The type of treatment recommended may depend on the kind of headache. General treatment methods may include taking over-the-counter pain medications including aspirin, ibuprofen, and acetaminophen. Other techniques that may help include resting in a cool and dark room, hot or cold presses to the head and neck, massage, and small amounts of caffeine. Some headaches may go away with exercise, meditation or other mind-body techniques. Closing the eyes for a few minutes and relaxing the muscles in the head may help.

Natural Treatments

Natural remedies are a good way to reduce long-term headache pain without the side effects of over-the-counter medications. Feverfew and butterbur are herbs that have been shown to reduce headaches by easing tension in the body. According to researchers at the School of Postgraduate Medicine and Health Science in the United Kingdom, feverfew is a safe and efficient remedy for headaches. Butterbur is a herb with anti-inflammatory effects. One study found that patients who took seventy-five milligrams of butterbur twice a day for four months were able to reduce their migraine attack frequency by forty-eight percent.

Diet And Hydration

Drink water after sport Diet and hydration levels play a major role in the prevention of headaches. A gluten-free diet high in B-vitamins has been shown to help as headaches are common symptoms of inflammatory foods and dehydration. According to a study conducted by the National Hospital for Neurology and Neurosurgery, a water-deprivation headache may cause head pain as well as impaired concentration and irritability. Taking a B-vitamin complex and drinking lots of water may reduce headaches. Also be sure to opt for unprocessed, unrefined carbohydrates such as legumes, fruits, and vegetables over gluten, refined sugar, and wheat.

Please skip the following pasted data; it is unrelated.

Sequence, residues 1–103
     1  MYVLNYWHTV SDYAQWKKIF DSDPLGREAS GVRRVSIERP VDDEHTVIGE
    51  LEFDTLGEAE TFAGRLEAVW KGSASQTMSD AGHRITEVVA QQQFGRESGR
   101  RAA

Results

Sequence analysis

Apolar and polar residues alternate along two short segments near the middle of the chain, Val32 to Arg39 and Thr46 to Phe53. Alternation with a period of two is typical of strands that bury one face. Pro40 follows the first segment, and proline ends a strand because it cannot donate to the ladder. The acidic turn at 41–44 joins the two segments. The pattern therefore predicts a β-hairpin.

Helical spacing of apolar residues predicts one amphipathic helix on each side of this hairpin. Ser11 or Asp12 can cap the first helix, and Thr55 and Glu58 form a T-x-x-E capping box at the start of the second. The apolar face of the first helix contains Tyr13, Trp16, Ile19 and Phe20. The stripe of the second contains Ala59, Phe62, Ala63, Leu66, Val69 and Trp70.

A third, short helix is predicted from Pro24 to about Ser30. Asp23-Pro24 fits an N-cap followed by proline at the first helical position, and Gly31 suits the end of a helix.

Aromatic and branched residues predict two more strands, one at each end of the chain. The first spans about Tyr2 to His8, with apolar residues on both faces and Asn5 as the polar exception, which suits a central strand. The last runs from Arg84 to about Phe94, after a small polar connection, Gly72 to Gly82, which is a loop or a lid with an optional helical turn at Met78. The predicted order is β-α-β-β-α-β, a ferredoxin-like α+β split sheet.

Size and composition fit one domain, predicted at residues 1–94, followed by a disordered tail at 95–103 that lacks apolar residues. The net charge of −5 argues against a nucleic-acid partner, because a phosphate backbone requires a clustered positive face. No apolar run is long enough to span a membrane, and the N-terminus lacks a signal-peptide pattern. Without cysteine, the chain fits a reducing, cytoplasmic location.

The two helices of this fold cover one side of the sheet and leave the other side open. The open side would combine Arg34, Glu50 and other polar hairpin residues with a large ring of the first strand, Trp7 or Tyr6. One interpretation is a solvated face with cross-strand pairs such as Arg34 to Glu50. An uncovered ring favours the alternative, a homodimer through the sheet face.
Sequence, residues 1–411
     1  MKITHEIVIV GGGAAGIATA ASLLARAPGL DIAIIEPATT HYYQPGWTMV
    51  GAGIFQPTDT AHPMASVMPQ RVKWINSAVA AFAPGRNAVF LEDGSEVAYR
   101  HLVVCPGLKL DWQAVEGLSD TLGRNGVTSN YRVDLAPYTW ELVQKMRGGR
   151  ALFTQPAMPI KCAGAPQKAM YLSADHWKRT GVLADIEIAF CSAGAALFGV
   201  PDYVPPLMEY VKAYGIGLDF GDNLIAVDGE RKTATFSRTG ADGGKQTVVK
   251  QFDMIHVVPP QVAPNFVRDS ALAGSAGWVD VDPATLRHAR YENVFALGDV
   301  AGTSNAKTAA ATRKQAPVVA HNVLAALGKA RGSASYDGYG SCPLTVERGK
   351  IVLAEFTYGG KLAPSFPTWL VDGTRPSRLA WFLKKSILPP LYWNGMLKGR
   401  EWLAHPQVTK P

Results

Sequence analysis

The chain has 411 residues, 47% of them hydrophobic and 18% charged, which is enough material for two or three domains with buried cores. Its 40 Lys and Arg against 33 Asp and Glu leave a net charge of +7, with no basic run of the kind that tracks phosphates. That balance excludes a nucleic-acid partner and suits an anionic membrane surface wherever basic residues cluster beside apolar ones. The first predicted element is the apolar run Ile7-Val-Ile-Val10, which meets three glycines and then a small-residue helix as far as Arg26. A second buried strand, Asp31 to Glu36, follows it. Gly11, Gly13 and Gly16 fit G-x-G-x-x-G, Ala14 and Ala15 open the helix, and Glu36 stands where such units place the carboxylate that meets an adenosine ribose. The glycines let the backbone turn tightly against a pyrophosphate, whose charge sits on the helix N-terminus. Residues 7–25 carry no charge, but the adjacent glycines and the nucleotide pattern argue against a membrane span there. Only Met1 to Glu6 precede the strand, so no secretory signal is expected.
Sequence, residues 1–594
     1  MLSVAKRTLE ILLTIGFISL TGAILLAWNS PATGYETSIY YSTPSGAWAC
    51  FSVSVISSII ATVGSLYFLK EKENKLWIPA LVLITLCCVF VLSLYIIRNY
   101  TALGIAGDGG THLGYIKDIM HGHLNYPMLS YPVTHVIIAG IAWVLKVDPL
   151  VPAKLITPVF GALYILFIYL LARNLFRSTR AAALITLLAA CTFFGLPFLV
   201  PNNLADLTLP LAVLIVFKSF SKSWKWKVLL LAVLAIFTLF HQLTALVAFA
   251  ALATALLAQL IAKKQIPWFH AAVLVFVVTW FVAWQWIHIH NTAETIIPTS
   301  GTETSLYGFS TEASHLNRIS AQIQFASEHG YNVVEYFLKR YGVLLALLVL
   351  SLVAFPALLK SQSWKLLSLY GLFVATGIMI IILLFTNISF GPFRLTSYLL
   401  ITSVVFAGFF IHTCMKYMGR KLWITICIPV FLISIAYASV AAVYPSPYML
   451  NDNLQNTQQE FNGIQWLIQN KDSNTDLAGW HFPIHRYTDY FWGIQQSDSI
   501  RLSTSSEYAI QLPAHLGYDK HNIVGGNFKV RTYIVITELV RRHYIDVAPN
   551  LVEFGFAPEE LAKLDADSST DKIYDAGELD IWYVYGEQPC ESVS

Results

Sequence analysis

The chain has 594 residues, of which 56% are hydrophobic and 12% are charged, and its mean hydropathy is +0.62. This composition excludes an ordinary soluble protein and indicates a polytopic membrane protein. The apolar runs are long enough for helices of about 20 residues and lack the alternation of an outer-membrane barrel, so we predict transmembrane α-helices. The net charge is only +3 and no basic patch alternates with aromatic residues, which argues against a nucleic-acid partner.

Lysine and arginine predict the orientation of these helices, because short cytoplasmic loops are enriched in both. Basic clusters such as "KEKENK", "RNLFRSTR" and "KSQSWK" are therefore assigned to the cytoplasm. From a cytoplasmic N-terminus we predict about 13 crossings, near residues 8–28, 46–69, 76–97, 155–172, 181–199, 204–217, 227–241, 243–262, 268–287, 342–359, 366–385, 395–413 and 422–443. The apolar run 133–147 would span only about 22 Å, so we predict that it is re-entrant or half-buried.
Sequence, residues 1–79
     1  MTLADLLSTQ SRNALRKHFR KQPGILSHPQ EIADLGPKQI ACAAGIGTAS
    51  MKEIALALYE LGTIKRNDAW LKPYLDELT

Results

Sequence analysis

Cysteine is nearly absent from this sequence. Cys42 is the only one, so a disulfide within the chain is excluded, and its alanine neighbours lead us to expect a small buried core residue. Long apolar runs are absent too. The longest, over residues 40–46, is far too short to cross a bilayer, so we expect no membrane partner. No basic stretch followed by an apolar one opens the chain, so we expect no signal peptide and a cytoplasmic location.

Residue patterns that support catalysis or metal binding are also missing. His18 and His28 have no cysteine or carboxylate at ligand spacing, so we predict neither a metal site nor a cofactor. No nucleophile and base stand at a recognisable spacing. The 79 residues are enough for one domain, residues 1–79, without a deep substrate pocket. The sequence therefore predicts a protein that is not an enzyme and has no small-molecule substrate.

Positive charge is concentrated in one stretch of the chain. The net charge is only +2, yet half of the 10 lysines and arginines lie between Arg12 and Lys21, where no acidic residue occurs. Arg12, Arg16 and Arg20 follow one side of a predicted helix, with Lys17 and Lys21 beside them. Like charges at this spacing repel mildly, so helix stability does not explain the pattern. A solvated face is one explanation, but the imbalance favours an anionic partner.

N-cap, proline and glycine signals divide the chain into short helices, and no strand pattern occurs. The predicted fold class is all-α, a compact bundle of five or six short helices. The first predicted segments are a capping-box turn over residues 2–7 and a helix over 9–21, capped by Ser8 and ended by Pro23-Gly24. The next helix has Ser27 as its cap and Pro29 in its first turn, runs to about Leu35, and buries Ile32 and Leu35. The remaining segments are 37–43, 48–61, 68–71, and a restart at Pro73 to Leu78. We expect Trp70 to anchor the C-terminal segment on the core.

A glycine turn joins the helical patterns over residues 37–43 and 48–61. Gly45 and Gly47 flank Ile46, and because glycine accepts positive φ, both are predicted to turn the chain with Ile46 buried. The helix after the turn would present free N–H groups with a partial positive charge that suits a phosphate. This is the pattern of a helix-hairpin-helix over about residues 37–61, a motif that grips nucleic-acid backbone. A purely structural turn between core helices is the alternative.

Essential Oils

Essential oils with dried herbs

Certain essential oils have calming effects that are ideal for reducing headaches. Peppermint has a lasting cooling sensation on the skin, which has been shown to increase blood flow to the forehead and soothe muscle contractions. According to one study, peppermint essential oil combined with ethanol reduced sensitivities to headaches. Lavender oil may also be used to treat migraines. A 2012 study showed that inhaling lavender essential oil for fifteen minutes helped reduce headaches in 92 out of 129 participants.

Improve Posture

Improving posture is one of the best methods for reducing head pain because it is free and does not require much effort. Research shows that chiropractic care may even be able to reduce oxidative stress in the body similar to an antioxidant, which helps reduce pain and inflammation. One study showed that patients with headaches who received chiropractic manipulation saw a ninety percent decrease in symptoms while forty-nine percent reported that the intensity of a headache dropped after adjustments. If chiropractic manipulation is not possible, work on improving posture by sitting up straight when sitting in chairs and avoid slouching.